Toyota Safety Sense is a package of safety features that comes standard on many Toyota models. Lane Departure Alert (LDA) is probably the most prominent part of this bundle. And it works really well. In-car sensors mounted near the rearview mirror detect white and yellow lane markers in front of the car, along with the car’s position in the lane. At speeds greater than ~32mph, you’ll get a dashboard alert and an audible alarm if the car thinks you’re drifting out of your lane. Along with those alerts, the car will also nudge the steering wheel in the opposite direction in an attempt to course correct and keep you in the lane. This was a little unnerving at first when I wasn’t expecting it, but on long drives, it came in handy more than once. If you’re intentionally switching lanes and use your turn signal, LDA deactivates, so you won’t hear an alert every time you switch lanes on purpose.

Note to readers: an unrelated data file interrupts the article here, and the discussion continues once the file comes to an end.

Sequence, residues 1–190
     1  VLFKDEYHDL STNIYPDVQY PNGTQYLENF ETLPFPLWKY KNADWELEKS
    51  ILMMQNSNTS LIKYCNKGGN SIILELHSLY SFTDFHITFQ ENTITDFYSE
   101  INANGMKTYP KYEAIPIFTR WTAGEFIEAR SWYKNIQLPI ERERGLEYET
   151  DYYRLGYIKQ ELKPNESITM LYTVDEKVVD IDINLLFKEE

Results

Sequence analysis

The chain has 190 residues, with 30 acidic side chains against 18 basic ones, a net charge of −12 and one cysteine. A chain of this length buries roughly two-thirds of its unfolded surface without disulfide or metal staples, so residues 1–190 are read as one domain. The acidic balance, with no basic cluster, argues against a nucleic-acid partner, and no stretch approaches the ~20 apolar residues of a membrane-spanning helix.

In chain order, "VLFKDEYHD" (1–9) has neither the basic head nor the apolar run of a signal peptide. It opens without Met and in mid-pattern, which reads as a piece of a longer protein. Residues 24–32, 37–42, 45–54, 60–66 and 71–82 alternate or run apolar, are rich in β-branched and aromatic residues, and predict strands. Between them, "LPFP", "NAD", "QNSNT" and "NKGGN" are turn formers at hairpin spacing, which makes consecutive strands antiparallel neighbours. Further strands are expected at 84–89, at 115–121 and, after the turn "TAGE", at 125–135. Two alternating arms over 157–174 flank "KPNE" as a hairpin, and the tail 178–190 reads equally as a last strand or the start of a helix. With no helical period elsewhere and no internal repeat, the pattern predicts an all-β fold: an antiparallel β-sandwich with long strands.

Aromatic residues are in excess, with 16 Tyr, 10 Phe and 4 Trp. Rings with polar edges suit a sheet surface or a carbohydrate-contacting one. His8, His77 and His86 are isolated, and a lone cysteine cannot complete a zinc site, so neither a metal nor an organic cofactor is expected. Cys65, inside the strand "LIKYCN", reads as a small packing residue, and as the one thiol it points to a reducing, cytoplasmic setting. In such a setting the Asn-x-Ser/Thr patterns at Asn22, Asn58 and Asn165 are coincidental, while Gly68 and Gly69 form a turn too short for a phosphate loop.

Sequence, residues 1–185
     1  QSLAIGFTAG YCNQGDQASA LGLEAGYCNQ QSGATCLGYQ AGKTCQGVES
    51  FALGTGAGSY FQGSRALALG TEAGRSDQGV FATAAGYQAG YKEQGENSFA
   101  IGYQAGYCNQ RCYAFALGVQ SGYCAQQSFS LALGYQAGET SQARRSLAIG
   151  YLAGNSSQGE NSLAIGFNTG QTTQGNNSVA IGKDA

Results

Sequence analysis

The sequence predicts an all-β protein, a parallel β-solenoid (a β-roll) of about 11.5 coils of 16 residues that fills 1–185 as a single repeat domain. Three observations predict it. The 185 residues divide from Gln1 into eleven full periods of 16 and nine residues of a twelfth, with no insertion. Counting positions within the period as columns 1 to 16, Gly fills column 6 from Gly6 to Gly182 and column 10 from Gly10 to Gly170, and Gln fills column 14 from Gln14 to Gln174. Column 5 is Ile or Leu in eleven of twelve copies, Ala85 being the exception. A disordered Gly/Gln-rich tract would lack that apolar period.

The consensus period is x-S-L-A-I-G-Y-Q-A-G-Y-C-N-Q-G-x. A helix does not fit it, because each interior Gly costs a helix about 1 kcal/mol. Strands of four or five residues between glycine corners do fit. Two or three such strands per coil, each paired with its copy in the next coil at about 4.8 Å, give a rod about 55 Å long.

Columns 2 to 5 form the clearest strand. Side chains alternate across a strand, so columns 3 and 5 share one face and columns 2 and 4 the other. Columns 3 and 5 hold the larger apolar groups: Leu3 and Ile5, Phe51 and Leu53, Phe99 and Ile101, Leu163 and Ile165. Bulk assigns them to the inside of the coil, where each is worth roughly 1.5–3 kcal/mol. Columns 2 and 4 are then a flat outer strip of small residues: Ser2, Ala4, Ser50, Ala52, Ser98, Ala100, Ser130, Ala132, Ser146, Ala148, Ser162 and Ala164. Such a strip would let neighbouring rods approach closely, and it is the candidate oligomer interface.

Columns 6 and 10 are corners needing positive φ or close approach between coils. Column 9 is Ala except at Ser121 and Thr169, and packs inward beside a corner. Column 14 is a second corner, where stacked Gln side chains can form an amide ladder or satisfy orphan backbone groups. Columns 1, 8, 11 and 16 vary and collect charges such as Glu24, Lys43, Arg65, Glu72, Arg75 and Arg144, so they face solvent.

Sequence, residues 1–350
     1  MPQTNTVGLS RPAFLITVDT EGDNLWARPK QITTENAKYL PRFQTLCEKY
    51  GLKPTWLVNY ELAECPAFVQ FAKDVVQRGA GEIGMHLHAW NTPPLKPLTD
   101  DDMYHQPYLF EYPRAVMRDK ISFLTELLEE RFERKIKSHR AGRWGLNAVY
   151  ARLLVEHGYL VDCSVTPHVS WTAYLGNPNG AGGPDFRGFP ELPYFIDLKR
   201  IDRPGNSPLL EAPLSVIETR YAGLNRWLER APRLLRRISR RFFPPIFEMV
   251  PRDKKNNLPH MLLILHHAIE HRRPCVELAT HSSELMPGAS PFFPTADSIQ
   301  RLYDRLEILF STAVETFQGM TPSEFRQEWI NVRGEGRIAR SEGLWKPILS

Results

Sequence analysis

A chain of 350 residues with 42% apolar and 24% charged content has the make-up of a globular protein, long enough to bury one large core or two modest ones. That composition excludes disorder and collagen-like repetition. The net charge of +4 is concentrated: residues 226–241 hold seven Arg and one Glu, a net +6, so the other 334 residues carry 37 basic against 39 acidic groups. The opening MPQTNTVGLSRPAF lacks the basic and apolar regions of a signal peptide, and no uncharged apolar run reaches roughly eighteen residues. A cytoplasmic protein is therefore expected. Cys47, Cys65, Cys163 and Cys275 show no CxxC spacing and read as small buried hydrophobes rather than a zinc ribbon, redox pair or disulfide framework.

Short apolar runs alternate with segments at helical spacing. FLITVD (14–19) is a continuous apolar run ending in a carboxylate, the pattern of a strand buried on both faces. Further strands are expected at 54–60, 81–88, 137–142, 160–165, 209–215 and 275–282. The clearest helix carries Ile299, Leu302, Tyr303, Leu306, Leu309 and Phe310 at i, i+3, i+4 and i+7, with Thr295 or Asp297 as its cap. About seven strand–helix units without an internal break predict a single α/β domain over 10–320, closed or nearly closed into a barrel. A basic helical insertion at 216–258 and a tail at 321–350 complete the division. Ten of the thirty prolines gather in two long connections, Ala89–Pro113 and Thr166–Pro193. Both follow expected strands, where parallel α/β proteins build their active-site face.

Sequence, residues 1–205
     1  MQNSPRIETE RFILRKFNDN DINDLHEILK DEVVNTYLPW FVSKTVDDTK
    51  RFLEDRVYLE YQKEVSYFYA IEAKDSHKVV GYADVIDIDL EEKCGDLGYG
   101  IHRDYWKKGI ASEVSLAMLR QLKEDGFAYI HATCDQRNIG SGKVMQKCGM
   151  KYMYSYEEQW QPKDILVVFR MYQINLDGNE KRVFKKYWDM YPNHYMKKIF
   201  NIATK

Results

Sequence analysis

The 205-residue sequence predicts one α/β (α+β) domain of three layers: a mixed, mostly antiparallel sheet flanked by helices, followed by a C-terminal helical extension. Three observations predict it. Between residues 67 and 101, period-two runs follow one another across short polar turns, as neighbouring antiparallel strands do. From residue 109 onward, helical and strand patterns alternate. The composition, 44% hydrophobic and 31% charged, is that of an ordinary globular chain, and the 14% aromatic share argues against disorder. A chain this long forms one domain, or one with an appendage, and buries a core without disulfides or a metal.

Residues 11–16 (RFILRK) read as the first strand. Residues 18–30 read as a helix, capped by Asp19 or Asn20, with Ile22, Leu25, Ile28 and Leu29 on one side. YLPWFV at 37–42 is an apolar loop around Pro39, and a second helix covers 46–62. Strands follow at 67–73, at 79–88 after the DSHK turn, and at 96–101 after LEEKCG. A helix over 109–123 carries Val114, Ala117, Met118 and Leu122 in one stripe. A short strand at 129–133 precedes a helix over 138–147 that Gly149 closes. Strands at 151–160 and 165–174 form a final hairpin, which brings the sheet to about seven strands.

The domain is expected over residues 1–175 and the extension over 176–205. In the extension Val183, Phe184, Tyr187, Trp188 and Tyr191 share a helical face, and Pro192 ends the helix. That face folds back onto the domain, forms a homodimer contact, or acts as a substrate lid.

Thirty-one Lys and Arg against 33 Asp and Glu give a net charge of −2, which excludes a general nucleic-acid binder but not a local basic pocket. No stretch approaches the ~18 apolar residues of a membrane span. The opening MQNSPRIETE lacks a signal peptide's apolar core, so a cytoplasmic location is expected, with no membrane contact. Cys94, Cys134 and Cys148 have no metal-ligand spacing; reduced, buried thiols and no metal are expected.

When using cruise control (something I rarely do, though I recognize that a lot of people rely on this feature—especially on long, multi-hour road trips), another perk of the safety package is dynamic radar cruise control. The car uses a built-in radar and camera to monitor vehicles in front of you and adjust your speed in order to maintain a consistent, safe distance.

Between the blind spot monitor, the rear cross traffic alert, and the lane departure alert, the first few days in the car felt like an endless stream of bings, dings, and alarms. The RAV4 seems intent on talking to you and letting you know that it’s got your back. It’s a little overwhelming at first, but once you’re used to the (literal) bells and whistles and what they mean, they fade into the background. And the RAV4 really does have your back.

Gros Morne National Park, Newfoundland

Room for Your Stuff